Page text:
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What is Kölsch?

Everything to know about the beer from Cologne, Germany

It’s light, it’s crisp, it’s delicious. Here’s what you need to know about Cologne’s most beloved export.

Kölsch ist ein tolles bier! Es kommt aus der schönen stadt Köln, Deutschland, und —

Oops, sorry. Got carried away there. But in our defense, it’s easy to forget you’re not in the fine land of Rhineland when you start talking about Kölsch. It’s the official ale of the city of Cologne and the pride of many hearts.

What exactly is Kölsch, you ask? Well, that sounds like the perfect excuse to talk about it! Fantastische!

The history of Kölsch style ale

Beer is more than just beer in Germany. German beer is the cultural fingerprint of the country’s different regions, with sects that comprise states, cities and neighborhoods, each with their own brews they consider to be the best on earth.

Such powerful affections often have roots that burrow through the centuries, sucking nutrients from some medieval or Roman tradition. This is, quite unromantically (but also truthfully), not the case for Kölsch. This beer made its first named appearance in 1918.

German beer was usually darker during that time period. When a strange light beer suddenly appeared, people didn’t quite know what to make of it. It was the subject of raised eyebrows and cautious enthusiasm but was given the name “Kölsch” after the German dialect spoken in Köln.

Such lukewarm love persisted until around the ’60s. Then suddenly, Germans (and the world) decided they absolutely loved the stuff — they couldn’t get enough of it. The year 1960 saw around 50 million liters of Kölsch-style ale produced; by the early 1980s, it was just shy of 400 million. That figure today rests at a respectable 240 million liters per year.

Who makes Kölsch?

The world’s Kölsch is produced by a precious few breweries: 12 in total. The ones you may have heard of include Gaffel, Kölner Verband, Früh and Reissdorf. Kölsch-style beers are found in many places — including some American craft brewers — but the authentic ones are made in this region.

The social importance of Kölsch

Kölsch is not just a beer to Cologners. It’s a statement. An attitude. A manifesto on life. At the end of a workweek, it is the nucleus around which social gatherings accumulate. Friends, colleagues and families come together to enjoy its light, refreshing taste and the friendly, open conversation that is so pivotal to their culture.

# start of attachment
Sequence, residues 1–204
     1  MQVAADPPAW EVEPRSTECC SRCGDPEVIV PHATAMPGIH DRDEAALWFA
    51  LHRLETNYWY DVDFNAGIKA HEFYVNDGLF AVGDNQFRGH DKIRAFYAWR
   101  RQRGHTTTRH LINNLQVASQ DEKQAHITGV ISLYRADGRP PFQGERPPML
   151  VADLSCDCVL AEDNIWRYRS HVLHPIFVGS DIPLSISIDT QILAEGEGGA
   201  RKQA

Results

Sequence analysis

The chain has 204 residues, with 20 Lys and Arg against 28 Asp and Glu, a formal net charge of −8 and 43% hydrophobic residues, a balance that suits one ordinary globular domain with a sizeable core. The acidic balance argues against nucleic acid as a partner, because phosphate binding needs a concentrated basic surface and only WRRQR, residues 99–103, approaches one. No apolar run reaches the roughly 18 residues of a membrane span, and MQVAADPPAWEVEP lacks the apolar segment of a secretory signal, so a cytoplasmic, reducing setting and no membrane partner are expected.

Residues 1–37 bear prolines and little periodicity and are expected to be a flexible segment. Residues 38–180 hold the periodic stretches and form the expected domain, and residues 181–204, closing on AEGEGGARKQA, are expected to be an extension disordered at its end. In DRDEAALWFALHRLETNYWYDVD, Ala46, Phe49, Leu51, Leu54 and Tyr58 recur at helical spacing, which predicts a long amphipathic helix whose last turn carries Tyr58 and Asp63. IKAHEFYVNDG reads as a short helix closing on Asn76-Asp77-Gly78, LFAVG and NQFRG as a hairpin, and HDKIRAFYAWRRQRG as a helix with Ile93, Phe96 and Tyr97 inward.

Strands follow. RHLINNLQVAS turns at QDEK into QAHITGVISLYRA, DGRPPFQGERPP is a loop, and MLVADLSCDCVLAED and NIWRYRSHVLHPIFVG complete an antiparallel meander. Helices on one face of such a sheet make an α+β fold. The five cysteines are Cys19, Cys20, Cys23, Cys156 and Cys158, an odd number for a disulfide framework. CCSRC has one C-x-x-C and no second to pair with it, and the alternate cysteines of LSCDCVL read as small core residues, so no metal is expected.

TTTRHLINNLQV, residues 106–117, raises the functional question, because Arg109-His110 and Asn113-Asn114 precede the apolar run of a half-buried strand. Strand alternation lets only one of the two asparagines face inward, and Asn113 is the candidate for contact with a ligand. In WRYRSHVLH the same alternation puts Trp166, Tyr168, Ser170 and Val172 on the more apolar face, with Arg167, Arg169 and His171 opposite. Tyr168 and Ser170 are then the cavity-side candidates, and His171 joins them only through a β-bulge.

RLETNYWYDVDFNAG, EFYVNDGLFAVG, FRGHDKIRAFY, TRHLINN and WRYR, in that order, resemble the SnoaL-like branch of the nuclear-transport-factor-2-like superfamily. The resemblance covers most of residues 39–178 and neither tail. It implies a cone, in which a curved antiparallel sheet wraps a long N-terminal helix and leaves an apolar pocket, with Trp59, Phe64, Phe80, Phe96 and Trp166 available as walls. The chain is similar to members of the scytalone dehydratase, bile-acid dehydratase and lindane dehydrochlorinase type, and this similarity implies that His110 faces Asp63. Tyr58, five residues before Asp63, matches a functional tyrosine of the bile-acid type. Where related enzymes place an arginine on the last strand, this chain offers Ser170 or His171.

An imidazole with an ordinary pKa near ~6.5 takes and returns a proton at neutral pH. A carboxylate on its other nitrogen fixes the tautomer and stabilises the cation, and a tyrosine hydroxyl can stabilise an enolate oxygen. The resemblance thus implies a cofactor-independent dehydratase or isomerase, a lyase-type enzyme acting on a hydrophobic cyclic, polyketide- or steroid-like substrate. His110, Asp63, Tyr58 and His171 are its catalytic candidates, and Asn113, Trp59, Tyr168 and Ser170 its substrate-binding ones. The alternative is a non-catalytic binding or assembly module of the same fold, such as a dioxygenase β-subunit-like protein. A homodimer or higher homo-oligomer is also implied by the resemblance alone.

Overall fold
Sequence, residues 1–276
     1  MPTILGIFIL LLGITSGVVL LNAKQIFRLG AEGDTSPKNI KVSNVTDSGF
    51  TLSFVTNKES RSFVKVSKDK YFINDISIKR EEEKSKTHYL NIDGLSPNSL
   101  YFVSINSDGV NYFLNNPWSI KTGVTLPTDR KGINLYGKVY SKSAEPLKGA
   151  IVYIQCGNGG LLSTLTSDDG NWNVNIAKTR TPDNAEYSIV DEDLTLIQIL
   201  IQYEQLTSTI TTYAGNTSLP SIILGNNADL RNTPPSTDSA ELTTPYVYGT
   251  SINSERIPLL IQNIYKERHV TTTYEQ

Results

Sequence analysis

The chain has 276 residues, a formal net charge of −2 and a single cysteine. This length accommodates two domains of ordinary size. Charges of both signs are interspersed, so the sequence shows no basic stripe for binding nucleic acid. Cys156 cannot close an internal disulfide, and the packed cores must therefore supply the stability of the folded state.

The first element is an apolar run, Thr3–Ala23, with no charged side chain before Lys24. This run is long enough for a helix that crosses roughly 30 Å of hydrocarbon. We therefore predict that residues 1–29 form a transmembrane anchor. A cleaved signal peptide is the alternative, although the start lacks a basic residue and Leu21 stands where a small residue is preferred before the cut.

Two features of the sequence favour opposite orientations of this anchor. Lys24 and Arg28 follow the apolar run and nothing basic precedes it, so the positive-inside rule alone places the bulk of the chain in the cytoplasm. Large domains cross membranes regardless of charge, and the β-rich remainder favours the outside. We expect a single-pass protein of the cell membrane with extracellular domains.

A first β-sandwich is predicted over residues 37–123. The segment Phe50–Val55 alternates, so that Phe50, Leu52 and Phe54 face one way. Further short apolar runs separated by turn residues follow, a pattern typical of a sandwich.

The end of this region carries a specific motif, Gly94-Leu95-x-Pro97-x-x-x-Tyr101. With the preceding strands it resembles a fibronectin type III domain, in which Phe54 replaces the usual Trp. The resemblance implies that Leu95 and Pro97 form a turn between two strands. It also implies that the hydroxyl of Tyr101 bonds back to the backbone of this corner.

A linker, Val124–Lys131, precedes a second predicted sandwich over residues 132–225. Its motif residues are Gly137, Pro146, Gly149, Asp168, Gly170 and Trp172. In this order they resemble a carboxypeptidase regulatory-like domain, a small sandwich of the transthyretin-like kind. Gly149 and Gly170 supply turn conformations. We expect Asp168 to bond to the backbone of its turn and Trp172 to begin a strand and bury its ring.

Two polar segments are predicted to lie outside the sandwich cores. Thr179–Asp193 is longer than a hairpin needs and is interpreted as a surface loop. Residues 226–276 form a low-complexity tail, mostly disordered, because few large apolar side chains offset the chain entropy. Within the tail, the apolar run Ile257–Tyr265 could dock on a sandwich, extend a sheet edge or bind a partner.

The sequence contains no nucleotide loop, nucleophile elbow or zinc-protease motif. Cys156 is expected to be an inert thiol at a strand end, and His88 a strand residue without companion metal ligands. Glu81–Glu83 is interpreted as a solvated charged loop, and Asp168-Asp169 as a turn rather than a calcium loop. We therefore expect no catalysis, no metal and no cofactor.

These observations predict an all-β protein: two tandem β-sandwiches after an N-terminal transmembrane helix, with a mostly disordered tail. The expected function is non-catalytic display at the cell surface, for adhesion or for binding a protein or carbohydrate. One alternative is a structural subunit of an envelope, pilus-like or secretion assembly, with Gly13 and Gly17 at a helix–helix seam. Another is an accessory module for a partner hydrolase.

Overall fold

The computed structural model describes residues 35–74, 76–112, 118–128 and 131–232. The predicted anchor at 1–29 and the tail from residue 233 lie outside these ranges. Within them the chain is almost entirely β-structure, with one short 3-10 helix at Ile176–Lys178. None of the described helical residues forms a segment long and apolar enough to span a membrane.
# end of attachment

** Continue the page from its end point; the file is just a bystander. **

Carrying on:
To drink Kölsch properly, locals insist it must come straight from the keg. It has a relatively short shelf-life of three months, so small batches are the name of the game. Kölsch typically gets served in smaller Stangen glasses (around 200 milliliters is common).

The waiter should be quite attentive to the levels of guests’ glasses, too. If someone is nearing the bottom of their glass, they’ll typically supply a fresh one. On the beer mat, the waiter places marks to indicate how many beers each customer has had. When each customer has had enough, they’ll place the mat on top of the glass to indicate they’re done.

What food goes with Kölsch?

Kölsch-style beers are light, so really the perfect food pairing is limited only by your imagination. However, if you’re going for the German tradition, you’ll want the Halver Hahn. This is essentially a half-chicken with cheese, rye bread and a plop of tangy German mustard. Raw onion rings usually also make an appearance.

But what is Kölsch exactly?

When you get down to the nitty-gritty of what a beer is, the best starting point is usually the yeast.

Putting aside sour beers made from wild yeast, the two groups are best delineated as lagers and ales. Lagers (like pilsner) get brewed with yeasts that ferment on the bottom at cooler temperatures, while ale yeast ferments on the top (usually at warmer temperatures).

Which one is Kölsch? Drum roll …

… It’s both.

Yes, German-style Kölsch is both bottom and top-fermented. It is a hybrid of ingredients — and though there are many such hybrids out there, it could very well be the case that Kölsch is the best of them. It receives ale yeast fermentation but then wraps things up with a colder-temperature lager-style finish.

Far from being a compromise, Kölsch somehow manages to combine the best aspects of both. They are light and crisp and around the 5% ABV mark. They are supremely sippable and chuggable. They are like a pale ale without excessive hoppiness. They are ever-so-lightly fruity. They’re perfect for warm weather and just fine for any other type of weather.

Find Kölsch beer at Drizly

Drizly is your go-to source for at-home deliveries of the finest alcohol on the planet. Of course, this includes Kölsch. Browse our virtual shelves to find the deepest of the deep cuts, the finest of the Rhine, the dearest of the beer. We’ll have it to you in under an hour.